Every May, anti-choice protesters arrive in Ottawa for the “March for Life” — the largest demonstration against the right to choose.
This year, COVID-19 has cancelled this in-person event, like many others. But what will it take to cancel the “March for Life” for good?
It may be easy to think about demonstrations like this one as being not a big deal — after all, it only happens once a year. We know that most Canadians are pro-choice — and most feel confident abortion is not under threat in Canada.
But “March for Life” events that happen in Canada and the United States share common goals, like ending access to abortion, that would result in taking away bodily autonomy and rolling back rights for many people in Canada.
Abortion isn’t the only target. Many supporters of “March for Life” support conversion therapy and oppose same-sex marriage — which has been legal for nearly 15 years. They oppose the right to die, and legislation that protects transgender people from discrimination. They are some of the same groups that fought against Ontario’s sex-ed curriculum, which had been updated to include topics on sexual orientation and gender identity.
To better understand how the intersection between the anti-choice movement and others pushes to roll back human rights, Action Canada reached out to Reverend Alba Onofrio, co-executive director of Soulforce, an LGBTQ+ non-profit organization that works to stop the ideological violence of Christian supremacy that is used to harm marginalized peoples. They explained that throughout the history of Christianity, there have been many different theologies on abortion and reproductive choice. But Christian supremacy is tied into the idea that to be Christian means to be anti-choice, and that it is morally righteous to harass and discriminate against people for exercising their right to choose: “This is not Christianity. This is about controlling bodies by punishing people who step out of line with patriarchy.”
This is what Soulforce fights against. They equip activists to stand against weaponized religion, provide tools on how to identify Christian-supremacist logic, and offer training on politics and theologies that puts people most directly harmed by Christian supremacy at the centre.
The push to rollback rights is far-reaching. Earlier this year, U.S. President Donald Trump was the first president to speak at a March for Life event in Washington D.C. At the same time, governments in some states like Texas, Ohio and Alabama are using the pandemic as an excuse to crack down on access to abortion services.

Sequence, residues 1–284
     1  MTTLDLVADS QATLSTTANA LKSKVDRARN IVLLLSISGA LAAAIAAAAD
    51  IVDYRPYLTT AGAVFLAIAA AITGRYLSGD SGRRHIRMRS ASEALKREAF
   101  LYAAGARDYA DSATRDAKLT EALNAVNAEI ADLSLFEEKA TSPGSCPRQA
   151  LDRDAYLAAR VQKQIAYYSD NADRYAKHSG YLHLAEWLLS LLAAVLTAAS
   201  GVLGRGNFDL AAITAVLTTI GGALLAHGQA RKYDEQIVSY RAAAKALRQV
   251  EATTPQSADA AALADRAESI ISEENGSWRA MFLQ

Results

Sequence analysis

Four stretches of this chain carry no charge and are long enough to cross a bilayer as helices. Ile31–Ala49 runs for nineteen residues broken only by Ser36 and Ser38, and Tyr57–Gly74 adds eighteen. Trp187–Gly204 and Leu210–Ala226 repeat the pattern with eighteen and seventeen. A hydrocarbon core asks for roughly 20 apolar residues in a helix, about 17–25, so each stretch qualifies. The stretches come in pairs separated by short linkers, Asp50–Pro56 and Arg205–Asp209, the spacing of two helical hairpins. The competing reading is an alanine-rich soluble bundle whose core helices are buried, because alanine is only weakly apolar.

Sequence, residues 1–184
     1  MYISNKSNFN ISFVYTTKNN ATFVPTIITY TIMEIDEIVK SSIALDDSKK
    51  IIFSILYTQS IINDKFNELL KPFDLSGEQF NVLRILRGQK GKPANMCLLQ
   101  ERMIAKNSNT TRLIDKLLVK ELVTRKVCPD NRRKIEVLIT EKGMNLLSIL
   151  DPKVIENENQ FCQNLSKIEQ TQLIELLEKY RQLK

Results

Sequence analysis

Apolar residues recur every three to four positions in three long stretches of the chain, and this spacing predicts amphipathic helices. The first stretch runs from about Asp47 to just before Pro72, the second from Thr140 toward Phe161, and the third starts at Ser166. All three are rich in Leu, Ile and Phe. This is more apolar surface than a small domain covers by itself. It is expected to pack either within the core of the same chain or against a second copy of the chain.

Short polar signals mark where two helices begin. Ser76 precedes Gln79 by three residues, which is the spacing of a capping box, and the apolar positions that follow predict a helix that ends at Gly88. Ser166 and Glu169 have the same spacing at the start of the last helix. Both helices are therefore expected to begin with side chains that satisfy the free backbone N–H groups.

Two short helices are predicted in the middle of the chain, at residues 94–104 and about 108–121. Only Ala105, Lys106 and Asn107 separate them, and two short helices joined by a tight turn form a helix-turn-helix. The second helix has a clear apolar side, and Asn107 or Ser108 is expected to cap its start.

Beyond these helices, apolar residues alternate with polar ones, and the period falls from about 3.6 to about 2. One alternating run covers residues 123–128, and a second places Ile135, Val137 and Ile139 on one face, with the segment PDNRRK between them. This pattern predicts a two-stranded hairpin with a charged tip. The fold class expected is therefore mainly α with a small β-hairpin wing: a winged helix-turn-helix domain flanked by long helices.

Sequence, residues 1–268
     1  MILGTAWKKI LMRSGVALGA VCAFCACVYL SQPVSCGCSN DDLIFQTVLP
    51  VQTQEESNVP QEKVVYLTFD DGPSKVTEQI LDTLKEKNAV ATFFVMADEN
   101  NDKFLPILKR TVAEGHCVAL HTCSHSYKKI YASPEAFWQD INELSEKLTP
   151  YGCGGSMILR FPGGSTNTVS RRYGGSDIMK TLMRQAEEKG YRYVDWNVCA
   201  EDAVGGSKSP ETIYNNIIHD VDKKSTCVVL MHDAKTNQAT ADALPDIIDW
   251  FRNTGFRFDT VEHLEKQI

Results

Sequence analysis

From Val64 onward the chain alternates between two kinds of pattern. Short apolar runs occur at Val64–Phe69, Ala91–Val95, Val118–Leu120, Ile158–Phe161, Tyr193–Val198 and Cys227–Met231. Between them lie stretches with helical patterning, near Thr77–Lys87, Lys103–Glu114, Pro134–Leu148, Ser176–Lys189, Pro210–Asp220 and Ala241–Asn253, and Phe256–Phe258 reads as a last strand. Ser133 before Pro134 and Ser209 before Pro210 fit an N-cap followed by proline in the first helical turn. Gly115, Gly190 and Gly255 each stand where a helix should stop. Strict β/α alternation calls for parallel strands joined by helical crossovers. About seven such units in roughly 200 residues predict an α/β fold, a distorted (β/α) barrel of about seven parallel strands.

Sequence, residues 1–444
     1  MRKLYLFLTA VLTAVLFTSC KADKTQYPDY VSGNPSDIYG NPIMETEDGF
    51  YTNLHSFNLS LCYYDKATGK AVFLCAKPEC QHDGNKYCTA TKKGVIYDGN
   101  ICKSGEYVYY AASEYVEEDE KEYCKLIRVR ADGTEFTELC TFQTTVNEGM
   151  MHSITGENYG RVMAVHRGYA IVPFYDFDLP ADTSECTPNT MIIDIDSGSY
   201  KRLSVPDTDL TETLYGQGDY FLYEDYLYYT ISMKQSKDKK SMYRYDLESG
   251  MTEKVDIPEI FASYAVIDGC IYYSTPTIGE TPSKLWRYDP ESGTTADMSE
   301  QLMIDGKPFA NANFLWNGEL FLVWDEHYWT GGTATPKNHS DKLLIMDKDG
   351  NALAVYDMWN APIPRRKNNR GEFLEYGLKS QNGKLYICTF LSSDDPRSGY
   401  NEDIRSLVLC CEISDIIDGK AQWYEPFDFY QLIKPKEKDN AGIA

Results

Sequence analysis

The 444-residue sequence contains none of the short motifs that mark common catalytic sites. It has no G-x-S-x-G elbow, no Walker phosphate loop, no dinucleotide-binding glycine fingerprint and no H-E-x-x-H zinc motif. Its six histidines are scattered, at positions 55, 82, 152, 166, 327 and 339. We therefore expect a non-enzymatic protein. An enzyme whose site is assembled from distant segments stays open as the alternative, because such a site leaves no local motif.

When rolling back rights is being validated by the head of state, it isn’t just a harmless march.
Many Canadians might think this could not happen here. During this pandemic, governments across Canada have expressed that abortion is essential health care, after all. But across Canada, we’ve recently seen trial balloons of anti-choice activism popping up in private members’ bills, like Bill 207 in Alberta last year, and in conversations about “re-opening the abortion debate.”
And we are far from immune to misogyny, homophobia and transphobia. Every six days, a woman in Canada is killed by her intimate partner. Hate crimes and violence against people because of their sexual orientation and gender identity is on the rise.
We need to come together and understand that it’s not only about reproductive rights during March for Life or LGBTQ+ rights during Pride. It’s not just about Ontario’s sex-ed curriculum or Alberta’s conscience rights bill. This is everybody’s fight. Christian supremacy creates myths about what is good and what is bad, and uses those myths to justify marginalization so that violence against certain people is seen as morally acceptable.
If you care about the rights of LGBTQ+ people and ending homophobia, this is your fight. If you care about the rights of children to learn about healthy relationships and consent in schools, this is your fight. If you care about ending gender-based violence, this is your fight.
Here’s what you can do: support accurate, evidence-based information about reproductive and sexual health care, including abortion. Learn what abortion access and sex-ed really look like in your community. Support bubble zone laws in your area and other measures that protect people seeking out this essential health care. Stay informed about what anti-choice and Christian-supremacist groups are doing in your local politics — and be ready to tell your members of Parliament to protect human rights.
Sandeep Prasad is executive director of Action Canada for Sexual Health and Rights and Reverend Alba Onofrio is co-executive director of Soulforce. Learn more about Christian supremacy and Soulforce here.
Image: Ross Dunn/Flickr